We admire things; we admire people; sometimes we admire our leaders. Take a minute to think about the people and leaders that you admire. What qualities do they possess? It is possible as well to admire people that you have never met, based on the qualities you hear about or see represented.
Frequently, I walk a three-mile loop through my neighborhood. One of the houses that I pass on my walk is different from the rest. Although I don’t know the people who live in this particular house, I greatly admire the woman of the household. The inhabitants of the houses I pass remain mostly unseen. I observe the lawns, the gardens and the pets that are racing to the edge of the yard to bark at me. In this particular house, however, the mom is always out in the front yard playing with her children. Today when I passed by she was playing soccer with her daughter and then switching off to shoot free throws in the driveway with the boys. She was not watching them play, or checking Facebook on her phone while they played, she was playing with them. I admire this woman whom I do not know. Good leaders take the journey side by side those they lead. They don’t direct from afar; good leaders are in the game participating in the work that has to be done.
In thinking about the qualities of a good leader – and remember we are all leaders of someone – I began to look at the people that influenced me along the way. When I was an assistant principal, I was blessed to work with someone who demonstrated for me the importance of making the teachers feel special. Instead of picking up doughnuts for the staff or having parents drop off food for the teacher’s first day back, she would always go out of her way to take the time to decorate, have a welcome back gift for each person and create an atmosphere that let the teachers know how glad she was that they were each a part of the staff. Although there was much to be done and much to cover, she took the time to appreciate those she worked with. There were many times during the year as well, when she planned small things for the teachers to remind them they were appreciated. Good leaders appreciate those they work beside.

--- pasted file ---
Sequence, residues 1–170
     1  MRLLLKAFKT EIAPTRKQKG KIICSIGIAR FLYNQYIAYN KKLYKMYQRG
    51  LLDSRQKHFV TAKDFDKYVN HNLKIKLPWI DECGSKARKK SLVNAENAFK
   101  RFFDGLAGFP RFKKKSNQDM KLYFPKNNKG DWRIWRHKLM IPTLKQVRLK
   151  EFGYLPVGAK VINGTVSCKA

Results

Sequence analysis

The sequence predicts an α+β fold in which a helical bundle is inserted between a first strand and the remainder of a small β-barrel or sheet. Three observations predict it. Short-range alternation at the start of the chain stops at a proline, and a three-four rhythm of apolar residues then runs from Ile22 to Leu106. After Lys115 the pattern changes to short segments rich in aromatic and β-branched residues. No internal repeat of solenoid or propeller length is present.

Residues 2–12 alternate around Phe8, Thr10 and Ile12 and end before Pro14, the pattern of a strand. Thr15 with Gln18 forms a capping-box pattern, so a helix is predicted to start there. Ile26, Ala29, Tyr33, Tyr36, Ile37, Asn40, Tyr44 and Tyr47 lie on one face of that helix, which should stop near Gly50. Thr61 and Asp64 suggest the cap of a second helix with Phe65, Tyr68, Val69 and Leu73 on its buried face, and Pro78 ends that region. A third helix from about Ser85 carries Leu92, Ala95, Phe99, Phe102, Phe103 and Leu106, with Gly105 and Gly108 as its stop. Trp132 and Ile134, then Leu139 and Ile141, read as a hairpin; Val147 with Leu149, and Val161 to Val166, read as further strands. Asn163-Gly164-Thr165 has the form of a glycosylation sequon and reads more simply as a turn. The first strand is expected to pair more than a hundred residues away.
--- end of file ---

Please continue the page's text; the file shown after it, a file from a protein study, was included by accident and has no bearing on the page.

This same principal was not above doing any task. I remember the year that a new roof was being put on the school and a huge rain came. Leaks were popping up all over the school and the ceiling tiles were bulging at the weight of the water. She along with the custodians grabbed mops to poke holes in the ceiling tiles releasing the water. She along with the custodians picked up the pieces and mopped to get the water up so others wouldn't slip and fall. I joined in as well and learned a valuable lesson. While some might say that her time could have been spent in better ways, I learned that a good leader is not above doing any task in the organization when needed. Of course after the crisis was over, each staff member received a bottle of water with a paper umbrella attached thanking them for their help that day. I kept mine for many years to remember the lesson learned.